You know sleep is crucial to good health, and this is especially true during pregnancy. You’ll likely be more tired than usual as your body works overtime to nourish your growing baby, and you’ll need to make sure you’re getting enough sleep each night.
But many pregnant women find that when they lie down to sleep, they simply can’t get the rest they need. As if the excitement and anticipation of childbirth weren’t enough to disrupt your sleep, you may find that various physical and hormonal changes are wreaking havoc on your zzz’s. Here are some common ways your sleep may change during pregnancy, and what you can do:
- You’ve started snoring. Snoring is often caused by hormonal changes and increased blood flow that cause your nasal passages to swell. If you or your partner notice this problem, make sure you’re not sleeping on your back. You may wish to elevate the head of your bed or prop yourself up with pillows. If congestion is an issue, try a saline nasal spray or a humidifier in your room.
- You can’t get comfortable. Your back may hurt, your legs and feet are sore, and you can’t seem to find a position that works with your growing belly. These issues make it difficult for many pregnant women to sleep well. Try using pillows to prop yourself up or placed under your belly. when lying on your side, and between your knees to relieve hip and back pain. You may have to experiment to find out what works. Sometimes sleeping in a recliner instead of the bed can help.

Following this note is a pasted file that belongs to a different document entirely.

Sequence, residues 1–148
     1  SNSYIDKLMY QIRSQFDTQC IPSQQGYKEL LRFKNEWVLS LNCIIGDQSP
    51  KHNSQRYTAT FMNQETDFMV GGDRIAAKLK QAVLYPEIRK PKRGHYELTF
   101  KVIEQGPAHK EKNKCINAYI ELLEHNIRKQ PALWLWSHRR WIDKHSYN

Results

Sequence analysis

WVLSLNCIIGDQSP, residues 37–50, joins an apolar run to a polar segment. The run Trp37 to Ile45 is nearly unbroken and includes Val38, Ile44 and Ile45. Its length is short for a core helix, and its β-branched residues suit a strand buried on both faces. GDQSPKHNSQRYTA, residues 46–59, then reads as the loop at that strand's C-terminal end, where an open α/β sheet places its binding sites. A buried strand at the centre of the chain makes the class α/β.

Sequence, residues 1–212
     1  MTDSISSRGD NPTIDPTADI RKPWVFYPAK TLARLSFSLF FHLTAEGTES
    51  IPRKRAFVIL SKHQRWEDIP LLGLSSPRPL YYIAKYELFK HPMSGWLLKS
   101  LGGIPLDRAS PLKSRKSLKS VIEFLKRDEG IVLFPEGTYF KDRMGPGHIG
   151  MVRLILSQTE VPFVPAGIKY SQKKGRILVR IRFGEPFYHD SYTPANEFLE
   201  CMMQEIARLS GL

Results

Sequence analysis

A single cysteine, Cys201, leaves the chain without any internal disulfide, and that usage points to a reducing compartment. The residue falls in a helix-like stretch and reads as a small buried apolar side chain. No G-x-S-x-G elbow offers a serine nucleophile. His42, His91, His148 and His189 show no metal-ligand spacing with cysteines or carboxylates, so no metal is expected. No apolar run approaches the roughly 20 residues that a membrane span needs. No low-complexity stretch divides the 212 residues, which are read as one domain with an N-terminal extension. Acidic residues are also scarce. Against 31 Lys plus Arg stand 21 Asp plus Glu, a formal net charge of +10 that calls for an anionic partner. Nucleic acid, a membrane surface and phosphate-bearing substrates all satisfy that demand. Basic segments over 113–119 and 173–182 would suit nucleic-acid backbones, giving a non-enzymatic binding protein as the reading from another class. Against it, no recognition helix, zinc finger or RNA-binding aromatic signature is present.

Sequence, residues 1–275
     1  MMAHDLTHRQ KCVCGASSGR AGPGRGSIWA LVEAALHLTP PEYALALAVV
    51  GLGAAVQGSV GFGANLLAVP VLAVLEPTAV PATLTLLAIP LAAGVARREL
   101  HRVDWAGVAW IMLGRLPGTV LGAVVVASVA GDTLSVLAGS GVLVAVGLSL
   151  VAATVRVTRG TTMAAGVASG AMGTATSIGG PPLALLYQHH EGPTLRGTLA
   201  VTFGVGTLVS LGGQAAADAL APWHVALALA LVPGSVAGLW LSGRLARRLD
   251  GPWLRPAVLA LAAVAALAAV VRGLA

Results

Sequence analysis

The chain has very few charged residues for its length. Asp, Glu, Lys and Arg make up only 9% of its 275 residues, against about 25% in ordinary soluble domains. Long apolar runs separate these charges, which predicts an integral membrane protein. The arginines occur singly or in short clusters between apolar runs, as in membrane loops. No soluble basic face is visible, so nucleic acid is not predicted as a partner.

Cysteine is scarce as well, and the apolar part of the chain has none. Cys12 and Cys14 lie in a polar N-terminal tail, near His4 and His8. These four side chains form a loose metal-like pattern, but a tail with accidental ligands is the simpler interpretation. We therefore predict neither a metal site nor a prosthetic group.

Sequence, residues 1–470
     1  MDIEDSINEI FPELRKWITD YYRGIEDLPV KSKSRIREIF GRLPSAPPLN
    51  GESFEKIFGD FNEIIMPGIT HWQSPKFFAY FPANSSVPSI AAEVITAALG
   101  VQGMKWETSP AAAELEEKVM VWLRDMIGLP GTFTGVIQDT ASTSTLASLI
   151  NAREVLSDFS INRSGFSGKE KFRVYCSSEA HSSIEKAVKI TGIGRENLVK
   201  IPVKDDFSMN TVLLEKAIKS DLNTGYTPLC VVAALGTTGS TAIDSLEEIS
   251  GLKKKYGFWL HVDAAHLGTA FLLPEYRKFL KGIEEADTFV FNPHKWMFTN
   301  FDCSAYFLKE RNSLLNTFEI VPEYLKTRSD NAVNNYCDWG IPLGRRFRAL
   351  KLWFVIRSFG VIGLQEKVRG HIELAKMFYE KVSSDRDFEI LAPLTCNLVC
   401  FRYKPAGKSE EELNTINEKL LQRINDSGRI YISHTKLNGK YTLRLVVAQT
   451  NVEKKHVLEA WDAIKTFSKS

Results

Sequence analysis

- You have digestive issues. Nausea, heartburn, bloating, and constipation can make it very hard to sleep. Talk with your obstetrician about these issues if they’re keeping you up. Severe nausea should be addressed with your physician. Heartburn, bloating, and constipation can sometimes be relieved with diet and lifestyle changes, such as eating more fiber, drinking more water, and not eating right before bedtime.
- You have to use the bathroom frequently. It’s rare to find a pregnant woman who can go all night without the need to urinate. The increased blood in your body, combined with any extra fluid you might be retaining, likes to make its way out through the bladder at night. Later in pregnancy, your bladder will be cramped for space, adding to the problem. The best thing you can do is make sure you urinate before bed and get plenty of fluids during the day so you’re not thirsty at bedtime.
- Your dreams are more vivid. Crazy pregnancy dreams are no myth. Many pregnant women find that emotional changes make them more likely to have strange dreams. Pair this with more frequent sleep interruptions (mainly due to the problems above), and you’re more likely to wake during a dream and remember it more clearly.
Sleeping during pregnancy can be a challenge. If you’re consistently getting poor sleep, talk with your obstetrician about the issue. There may be a solution to whatever is keeping you up. Take heart in knowing most of these sleep issues are only temporary, and there will come a time when you will once again sleep normally.
CarePoint Health Family Birth Centers
CarePoint Health is dedicated to providing you with the individual care and attention you need so you can relax and focus on what is most important — the birth of your new baby. To learn more about caring for yourself and your baby during pregnancy, view our list of upcoming classes.
Content on our website is for informational purposes only and does not constitute medical advice. If you are experiencing a medical emergency, please call 911. Always consult your physician before making any changes to your medical treatment.